Property Expert Cautions Govt Against Taxing Long-Time Owners Who Sell Their Homes
A senior chartered property surveyor has urged the government to exempt senior citizens from the real property gains tax (RPGT), saying it is not fair to burden them with the tax when they decide to sell their long-held properties.
Ernest Cheong, who has over 40 years of experience in the property market, said there is no reason for the government to tax these home owners.
“They sell off their houses out of necessity and for reasons that we may not know.
“Owning and keeping a property for 20 years and above is considered as another form of retirement savings for some people, and the government should not penalise these senior citizen owners,” he told FMT.
Starting this year, property owners must pay 5% of the profit they make from selling their properties after holding them for five years and beyond.
Foreigners have to pay 10% of their profit.
Previously, RPGT was zero-rated for house owners who sell their properties after five years.
RPGT is a tiered tax that ranges from 30% to 15% for properties that are sold between the first and fifth year of purchase.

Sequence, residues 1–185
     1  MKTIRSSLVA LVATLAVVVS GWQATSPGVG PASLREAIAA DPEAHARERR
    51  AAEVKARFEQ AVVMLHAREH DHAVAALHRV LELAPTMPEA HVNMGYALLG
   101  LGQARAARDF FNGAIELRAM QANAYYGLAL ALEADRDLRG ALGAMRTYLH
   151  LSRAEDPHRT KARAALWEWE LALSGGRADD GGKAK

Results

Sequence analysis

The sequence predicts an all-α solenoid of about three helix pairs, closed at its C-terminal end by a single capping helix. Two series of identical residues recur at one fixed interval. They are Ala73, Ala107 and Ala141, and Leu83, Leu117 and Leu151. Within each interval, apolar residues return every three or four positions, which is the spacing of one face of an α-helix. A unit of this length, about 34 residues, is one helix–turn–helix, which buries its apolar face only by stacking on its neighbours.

The tax was introduced in the 1970s to prevent speculators from buying and selling in a short period, which would have pushed up prices.
The 5% RGPT rate was revised in the 2019 Budget, a decision which did not go down well with house buyers’ interest groups.
National House Buyers Association (HBA) honorary secretary-general Chang Kim Loong said they had appealed to the government to reconsider taxing sellers on their properties beyond five years.
Meanwhile, Cheong dismissed a suggestion by a Sarawak property developers’ group to impose a zero-rated RPGT on Malaysians and permanent residents when they sell their properties.
“We must pay tax because without taxes, how can Mr Lim Guan Eng run the country?” he said, referring to the finance minister.
“We may end up borrowing more from other countries to plug our national debt,” he said.
Cheong reminded that RPGT was targeted at speculators and not genuine home owners.
“What would ever happen to our property prices if RPGT is zero-rated? Can someone with RM4,000 be able to buy a house in his life?” Cheong asked.